The next day when they were confronted with it they just said it was a great story, sorry about the confusion. In the same vein, if the Gospel stories of Jesus were simply speculative fiction the disciples made up, when confronted they would not have continued with great joy praising God for the resurrection of Jesus, especially when they were be martyred and slaughtered in great numbers. Speculative fiction does not hold that kind of power, people do not lay down their lives for a good retelling of The War of the Worlds.

Story in our everyday lives is much more powerful and it doesn’t have anything to do with fiction. In our American history think about some of the pivotal historical moments that really shaped who we are as a culture and as people. The assassination of President Kennedy. For me it was the challenger disaster in 1986. Or for pretty much all but the younger ones the events of 9/11. When someone asks, “where were you when, 9/11 happened,” we would tell the story of where we were, how we felt, how it effected us and the people around us.” The story is real, it is based on a real event and telling that story is one of our ways of understanding ourselves and the world around us in that life-changing moment and sharing that with others.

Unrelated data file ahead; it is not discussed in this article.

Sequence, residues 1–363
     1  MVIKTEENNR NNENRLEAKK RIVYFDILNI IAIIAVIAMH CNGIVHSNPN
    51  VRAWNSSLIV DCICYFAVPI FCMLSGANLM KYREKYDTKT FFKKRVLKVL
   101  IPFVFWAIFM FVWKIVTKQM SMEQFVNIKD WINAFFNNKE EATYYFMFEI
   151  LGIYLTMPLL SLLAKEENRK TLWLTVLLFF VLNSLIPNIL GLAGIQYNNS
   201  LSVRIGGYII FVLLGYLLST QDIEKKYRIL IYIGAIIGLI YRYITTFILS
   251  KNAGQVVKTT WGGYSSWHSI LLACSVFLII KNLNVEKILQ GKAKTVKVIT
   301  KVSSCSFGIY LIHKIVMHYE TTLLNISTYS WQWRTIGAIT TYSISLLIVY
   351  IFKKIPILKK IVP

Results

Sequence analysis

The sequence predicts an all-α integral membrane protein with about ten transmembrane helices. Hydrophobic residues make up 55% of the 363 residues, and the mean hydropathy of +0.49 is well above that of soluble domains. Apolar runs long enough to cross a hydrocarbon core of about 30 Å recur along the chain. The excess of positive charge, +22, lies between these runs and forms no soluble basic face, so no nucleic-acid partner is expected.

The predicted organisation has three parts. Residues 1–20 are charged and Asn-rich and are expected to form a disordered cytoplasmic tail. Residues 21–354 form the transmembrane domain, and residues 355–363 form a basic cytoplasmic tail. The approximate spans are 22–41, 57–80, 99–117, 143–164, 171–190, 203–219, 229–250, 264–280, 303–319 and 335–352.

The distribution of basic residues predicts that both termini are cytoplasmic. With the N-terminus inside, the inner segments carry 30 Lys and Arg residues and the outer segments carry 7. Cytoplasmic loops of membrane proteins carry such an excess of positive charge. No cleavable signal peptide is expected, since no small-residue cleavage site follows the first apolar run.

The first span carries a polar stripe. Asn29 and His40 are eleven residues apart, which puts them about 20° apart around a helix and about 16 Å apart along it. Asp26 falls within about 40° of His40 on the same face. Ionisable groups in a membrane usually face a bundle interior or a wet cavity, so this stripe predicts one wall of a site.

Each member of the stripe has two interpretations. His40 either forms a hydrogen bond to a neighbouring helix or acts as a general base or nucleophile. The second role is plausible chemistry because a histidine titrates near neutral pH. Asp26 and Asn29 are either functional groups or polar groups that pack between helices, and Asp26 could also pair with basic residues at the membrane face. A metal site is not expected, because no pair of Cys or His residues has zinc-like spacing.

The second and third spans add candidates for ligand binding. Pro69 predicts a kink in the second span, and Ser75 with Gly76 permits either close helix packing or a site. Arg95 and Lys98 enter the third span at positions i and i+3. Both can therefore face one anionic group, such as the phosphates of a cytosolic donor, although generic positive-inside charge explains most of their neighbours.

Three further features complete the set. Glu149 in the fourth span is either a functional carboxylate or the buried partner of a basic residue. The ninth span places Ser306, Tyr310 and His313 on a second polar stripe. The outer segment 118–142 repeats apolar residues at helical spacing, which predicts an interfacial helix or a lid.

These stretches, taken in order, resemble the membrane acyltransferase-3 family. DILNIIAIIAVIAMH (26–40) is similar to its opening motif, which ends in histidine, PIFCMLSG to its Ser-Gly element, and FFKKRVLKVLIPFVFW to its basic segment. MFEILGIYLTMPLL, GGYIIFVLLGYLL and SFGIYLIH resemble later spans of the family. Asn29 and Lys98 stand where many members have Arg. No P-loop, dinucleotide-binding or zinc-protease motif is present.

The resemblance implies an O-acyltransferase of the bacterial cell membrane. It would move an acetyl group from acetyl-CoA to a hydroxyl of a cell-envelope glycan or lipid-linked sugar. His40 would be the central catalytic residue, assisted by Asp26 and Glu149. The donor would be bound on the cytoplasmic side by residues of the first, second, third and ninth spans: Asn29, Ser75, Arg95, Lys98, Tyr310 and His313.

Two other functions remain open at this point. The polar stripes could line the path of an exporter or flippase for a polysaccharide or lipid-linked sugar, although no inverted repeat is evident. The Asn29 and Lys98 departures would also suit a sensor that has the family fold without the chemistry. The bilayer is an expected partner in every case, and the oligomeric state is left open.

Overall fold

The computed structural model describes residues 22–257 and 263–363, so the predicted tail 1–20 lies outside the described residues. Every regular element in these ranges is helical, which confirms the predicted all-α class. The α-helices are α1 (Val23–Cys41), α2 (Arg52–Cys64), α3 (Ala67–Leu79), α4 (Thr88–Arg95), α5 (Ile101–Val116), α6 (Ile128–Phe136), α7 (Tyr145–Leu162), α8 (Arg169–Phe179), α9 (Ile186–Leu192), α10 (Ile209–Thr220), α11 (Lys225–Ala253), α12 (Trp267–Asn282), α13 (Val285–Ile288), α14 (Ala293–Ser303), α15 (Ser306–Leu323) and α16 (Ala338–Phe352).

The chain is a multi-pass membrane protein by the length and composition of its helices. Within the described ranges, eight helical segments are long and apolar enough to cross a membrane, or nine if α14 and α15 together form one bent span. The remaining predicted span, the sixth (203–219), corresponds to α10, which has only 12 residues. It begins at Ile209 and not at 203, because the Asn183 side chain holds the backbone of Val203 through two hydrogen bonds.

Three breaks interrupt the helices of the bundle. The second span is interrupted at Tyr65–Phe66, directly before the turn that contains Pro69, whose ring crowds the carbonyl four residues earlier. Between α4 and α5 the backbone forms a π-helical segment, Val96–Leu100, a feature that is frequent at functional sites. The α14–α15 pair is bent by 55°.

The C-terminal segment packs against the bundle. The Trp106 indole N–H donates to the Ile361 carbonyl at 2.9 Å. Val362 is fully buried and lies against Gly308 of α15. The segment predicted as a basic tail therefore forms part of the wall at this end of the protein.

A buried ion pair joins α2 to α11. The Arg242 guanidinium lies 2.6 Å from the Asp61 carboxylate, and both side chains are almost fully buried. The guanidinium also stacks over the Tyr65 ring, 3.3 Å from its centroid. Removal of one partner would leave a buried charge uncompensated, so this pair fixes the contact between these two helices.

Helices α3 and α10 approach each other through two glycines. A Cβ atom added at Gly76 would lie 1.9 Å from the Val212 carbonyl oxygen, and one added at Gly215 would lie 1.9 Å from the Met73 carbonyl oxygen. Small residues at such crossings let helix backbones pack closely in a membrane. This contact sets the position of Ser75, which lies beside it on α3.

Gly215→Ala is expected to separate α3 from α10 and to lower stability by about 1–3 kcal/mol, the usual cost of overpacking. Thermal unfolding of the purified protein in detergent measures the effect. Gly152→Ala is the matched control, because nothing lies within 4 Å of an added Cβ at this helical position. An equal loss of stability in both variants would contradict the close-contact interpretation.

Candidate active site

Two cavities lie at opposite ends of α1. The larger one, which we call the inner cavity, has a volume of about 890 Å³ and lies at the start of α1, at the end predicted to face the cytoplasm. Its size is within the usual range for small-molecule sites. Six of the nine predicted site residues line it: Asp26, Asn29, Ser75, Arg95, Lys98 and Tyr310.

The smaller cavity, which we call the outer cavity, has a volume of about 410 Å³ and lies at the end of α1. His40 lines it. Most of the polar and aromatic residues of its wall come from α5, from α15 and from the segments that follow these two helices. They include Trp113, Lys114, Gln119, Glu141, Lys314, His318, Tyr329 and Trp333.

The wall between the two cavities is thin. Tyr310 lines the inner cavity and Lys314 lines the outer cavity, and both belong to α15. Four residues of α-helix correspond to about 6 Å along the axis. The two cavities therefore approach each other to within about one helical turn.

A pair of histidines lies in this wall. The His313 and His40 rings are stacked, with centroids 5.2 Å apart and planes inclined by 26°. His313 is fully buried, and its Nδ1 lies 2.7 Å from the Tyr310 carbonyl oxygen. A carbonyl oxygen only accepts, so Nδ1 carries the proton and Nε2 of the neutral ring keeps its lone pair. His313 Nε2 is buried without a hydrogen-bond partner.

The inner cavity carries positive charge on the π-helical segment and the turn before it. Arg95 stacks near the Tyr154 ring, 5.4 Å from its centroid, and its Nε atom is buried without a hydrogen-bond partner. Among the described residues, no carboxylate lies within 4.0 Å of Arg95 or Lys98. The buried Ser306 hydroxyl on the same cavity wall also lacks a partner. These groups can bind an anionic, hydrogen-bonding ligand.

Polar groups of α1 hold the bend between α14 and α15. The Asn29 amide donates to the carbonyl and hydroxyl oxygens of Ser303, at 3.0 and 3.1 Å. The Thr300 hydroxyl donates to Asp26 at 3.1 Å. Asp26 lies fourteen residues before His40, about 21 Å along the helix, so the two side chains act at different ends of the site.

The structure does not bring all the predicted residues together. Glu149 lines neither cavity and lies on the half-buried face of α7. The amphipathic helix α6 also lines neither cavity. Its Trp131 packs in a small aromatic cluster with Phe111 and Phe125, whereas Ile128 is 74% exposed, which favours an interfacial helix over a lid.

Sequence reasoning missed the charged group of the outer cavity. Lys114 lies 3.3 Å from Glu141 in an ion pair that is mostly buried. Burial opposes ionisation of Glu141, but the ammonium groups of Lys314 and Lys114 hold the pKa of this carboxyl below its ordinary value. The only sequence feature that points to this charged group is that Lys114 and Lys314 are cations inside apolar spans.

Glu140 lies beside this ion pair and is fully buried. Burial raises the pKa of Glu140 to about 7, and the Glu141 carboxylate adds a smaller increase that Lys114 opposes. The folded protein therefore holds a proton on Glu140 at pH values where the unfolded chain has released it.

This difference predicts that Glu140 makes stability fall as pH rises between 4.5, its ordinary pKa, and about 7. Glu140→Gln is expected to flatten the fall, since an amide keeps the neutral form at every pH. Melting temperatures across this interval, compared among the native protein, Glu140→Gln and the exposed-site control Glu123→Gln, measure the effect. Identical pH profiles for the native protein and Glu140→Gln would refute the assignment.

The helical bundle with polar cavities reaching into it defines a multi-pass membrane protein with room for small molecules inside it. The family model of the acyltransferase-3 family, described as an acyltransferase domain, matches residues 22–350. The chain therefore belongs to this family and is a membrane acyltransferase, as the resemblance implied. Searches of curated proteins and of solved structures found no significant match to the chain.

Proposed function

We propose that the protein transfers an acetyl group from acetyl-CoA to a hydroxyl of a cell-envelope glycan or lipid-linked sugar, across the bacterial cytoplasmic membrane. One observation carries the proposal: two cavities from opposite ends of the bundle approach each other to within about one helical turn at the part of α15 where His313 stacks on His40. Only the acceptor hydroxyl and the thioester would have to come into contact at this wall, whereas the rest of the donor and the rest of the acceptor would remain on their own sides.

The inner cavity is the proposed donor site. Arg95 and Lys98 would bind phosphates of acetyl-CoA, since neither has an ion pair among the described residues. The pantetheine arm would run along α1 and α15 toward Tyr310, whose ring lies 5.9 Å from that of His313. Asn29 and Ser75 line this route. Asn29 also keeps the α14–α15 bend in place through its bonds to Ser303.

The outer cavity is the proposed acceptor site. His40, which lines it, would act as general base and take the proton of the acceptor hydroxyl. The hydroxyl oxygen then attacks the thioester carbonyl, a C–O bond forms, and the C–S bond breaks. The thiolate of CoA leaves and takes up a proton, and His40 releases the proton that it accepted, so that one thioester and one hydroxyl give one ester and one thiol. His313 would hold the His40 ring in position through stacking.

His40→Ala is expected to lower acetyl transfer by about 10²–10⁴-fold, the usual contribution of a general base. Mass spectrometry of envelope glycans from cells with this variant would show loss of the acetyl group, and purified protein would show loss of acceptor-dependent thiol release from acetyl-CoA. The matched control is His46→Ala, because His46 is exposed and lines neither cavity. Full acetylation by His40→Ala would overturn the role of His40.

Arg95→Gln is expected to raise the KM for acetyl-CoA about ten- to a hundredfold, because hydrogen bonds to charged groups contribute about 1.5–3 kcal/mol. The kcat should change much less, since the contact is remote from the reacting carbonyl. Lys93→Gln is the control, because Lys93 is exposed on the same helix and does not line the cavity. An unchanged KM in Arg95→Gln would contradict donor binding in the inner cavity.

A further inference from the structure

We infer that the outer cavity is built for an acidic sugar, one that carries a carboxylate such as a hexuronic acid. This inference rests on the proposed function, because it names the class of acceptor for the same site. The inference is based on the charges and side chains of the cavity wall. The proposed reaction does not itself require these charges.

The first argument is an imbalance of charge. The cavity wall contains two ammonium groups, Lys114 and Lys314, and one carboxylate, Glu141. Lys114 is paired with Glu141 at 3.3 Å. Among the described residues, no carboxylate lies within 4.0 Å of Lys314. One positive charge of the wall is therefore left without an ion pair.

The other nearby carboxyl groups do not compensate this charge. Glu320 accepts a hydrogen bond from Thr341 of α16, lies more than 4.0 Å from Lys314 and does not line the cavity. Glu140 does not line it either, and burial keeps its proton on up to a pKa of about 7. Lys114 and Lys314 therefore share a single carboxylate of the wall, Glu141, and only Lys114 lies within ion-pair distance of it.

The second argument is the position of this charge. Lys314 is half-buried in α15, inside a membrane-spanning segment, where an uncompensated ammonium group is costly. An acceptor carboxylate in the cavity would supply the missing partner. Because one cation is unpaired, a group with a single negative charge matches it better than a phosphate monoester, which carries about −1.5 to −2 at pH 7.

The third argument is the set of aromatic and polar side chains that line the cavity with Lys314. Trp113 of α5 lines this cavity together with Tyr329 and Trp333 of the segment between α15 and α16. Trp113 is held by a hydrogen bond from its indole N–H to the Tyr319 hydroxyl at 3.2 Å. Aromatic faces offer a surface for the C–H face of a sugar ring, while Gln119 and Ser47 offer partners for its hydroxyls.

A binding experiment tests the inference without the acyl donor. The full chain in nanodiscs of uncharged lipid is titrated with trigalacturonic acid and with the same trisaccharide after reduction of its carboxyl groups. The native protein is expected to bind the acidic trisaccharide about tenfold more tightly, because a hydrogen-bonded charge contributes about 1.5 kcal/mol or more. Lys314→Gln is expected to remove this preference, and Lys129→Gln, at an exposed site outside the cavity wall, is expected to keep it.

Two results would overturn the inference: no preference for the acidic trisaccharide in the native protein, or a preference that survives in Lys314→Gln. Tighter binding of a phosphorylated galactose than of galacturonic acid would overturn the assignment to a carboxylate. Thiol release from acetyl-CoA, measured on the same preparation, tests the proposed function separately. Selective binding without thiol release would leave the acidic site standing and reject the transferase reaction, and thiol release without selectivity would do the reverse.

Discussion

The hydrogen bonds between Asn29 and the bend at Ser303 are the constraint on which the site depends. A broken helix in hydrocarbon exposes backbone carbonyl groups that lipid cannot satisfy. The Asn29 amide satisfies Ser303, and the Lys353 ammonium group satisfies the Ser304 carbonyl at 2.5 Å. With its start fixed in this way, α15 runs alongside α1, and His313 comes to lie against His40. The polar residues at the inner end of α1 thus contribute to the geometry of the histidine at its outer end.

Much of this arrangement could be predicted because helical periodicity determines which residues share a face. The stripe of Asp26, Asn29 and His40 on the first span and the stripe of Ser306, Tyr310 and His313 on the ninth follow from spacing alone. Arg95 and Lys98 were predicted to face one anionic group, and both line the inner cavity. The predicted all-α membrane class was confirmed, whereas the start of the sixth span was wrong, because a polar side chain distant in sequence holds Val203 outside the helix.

That function of story that helps us understand our place in the world and how we are supposed to live is something that we all work within. Think of the great American story that generations told each other, “go to America, there is opportunity there, start with nothing, work hard and you can achieve the American Dream.” This was part of that good old, protestant work ethic. But for recent generations that story has changed, where there seemed there was opportunity there are only shut doors and working hard doesn’t necessarily mean success as it has been defined in the past.